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Mercury Toxicity

Do I have it, what are the symptoms and what can I do about it.
Mercury has long been known to be a toxic element in the environment; the World Health Organization (WHO) determined that the primary source of mercury toxicity in the human body is from silver amalgam fillings in our teeth.  Recent studies have also identified that one of the greatest local sources of mercury in our environmental, besides coal-powered electric power plants, is from crematoriums (remaining amalgam fillings in the teeth).

Facts about mercury toxicity:
  • Mercury is a neurotoxin and a highly toxic element only second to radiation.
  • The primary source in the human body is from silver amalgam fillings.  Mercury in fish can vary however it is minimal compared to the constant source of an amalgam filling(s) in the mouth. Mercury leaks from an amalgam filling constantly and is exaggerated when brushing teeth, drinking hot fluids, chewing, and especially dental cleanings/polishing.
  • There is vast amount of research on this topic available on the Internet.  Recommended site is:  International Association of Oral Medicine and Toxicology (IAOMT) ...and I  strongly recommend viewing these two short 6 min. videos, "Smoking Teeth"  and  "Brain Neuron Degeneration".
  • There is no way to accurately measure the mercury body burden because mercury is so tightly bound to fat in the brain and body tissues.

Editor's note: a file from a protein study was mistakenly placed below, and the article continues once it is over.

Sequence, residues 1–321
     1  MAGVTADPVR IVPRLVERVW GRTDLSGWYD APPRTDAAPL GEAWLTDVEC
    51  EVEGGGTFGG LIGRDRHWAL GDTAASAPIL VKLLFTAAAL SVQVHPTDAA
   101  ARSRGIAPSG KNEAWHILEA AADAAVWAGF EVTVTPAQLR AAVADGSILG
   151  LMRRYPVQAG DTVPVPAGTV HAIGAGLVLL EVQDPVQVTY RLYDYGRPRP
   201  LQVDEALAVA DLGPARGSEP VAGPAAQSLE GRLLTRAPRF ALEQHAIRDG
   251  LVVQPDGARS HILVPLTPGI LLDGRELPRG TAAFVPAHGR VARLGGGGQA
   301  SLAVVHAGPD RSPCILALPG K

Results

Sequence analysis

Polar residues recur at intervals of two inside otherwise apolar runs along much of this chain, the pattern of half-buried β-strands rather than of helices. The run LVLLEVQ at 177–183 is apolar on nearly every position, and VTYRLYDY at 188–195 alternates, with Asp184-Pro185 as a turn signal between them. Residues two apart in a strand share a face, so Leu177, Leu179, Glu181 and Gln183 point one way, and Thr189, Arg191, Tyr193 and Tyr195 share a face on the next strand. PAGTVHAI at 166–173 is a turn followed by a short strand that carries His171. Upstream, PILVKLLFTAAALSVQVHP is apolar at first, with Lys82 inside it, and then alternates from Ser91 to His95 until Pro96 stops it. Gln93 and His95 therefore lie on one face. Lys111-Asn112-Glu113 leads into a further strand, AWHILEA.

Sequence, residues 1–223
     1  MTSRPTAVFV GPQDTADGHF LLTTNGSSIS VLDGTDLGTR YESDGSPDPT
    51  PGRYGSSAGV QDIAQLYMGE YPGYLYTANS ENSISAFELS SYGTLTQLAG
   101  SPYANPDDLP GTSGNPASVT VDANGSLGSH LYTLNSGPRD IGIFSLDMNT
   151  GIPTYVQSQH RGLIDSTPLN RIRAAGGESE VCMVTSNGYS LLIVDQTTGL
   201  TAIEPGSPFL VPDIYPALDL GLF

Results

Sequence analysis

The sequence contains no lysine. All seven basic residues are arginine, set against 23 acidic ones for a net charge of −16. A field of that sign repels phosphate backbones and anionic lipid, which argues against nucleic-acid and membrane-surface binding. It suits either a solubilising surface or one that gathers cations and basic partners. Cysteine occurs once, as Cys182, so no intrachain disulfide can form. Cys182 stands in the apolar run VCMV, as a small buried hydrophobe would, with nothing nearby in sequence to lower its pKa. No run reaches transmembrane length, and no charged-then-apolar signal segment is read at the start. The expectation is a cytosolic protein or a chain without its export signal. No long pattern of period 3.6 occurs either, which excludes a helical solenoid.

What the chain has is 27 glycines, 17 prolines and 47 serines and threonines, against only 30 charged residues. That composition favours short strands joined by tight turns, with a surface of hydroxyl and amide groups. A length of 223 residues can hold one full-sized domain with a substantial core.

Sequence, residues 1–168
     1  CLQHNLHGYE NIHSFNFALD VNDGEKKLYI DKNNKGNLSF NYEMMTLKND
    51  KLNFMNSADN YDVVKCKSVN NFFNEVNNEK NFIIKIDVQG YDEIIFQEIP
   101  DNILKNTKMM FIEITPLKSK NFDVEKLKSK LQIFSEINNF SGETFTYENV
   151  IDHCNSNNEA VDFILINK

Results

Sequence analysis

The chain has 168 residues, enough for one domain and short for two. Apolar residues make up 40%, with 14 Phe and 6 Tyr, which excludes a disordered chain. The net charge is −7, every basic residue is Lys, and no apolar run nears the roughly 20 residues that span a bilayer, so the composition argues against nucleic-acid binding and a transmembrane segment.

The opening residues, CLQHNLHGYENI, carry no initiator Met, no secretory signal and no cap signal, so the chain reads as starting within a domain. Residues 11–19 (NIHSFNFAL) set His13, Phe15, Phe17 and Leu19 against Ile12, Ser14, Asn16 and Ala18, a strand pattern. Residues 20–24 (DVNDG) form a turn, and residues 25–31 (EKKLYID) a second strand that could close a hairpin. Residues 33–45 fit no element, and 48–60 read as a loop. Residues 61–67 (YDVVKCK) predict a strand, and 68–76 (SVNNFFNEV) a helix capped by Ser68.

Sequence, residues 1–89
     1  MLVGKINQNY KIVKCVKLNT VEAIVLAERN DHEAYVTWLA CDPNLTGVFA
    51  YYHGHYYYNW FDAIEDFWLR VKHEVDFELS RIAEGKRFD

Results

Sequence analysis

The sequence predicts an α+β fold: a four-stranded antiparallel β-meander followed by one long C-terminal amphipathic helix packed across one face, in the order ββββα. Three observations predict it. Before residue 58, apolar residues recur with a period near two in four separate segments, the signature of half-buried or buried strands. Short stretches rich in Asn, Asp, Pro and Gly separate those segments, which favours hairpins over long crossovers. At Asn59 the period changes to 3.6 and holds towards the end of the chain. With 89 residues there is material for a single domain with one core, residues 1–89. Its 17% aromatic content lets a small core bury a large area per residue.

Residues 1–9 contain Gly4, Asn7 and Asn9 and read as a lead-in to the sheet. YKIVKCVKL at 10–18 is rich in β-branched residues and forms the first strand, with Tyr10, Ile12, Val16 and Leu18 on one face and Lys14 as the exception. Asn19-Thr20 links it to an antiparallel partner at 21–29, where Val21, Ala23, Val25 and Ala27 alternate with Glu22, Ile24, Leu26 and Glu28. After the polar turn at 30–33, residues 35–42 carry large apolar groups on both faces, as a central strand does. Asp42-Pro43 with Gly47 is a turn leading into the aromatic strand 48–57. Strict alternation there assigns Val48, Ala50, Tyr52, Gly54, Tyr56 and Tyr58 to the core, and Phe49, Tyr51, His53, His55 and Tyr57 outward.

• As the mercury body burden increases, the toxicity will spread to organs, glands, muscles, nerve tissue and lastly bones. 
  • Along with lead, mercury easily crosses the blood brain barrier as well as the placenta in pregnant women and breast milk.

How do I know if I have mercury toxicity? 
  •  The standard blood and urine lab test are inappropriate for identifying this toxicity because mercury is hydrophobic and will not stay in the blood long enough to be measured.  Hair analysis is also equivocal.
  • Provocative heavy metal urine analysis is the only laboratory test presently available.  This test is cumbersome to perform and requires a six-hour urine collection after taking a pharmaceutical chelating agent such as DMPS or EDTA.  Most physicians are not familiar with this laboratory test and some question its accuracy. 
  • Applied Kinesiological testing, performed by a skilled practitioner can evaulate the level of toxicity in the body and central nervous system.

Symptomology associated with mercury toxicity.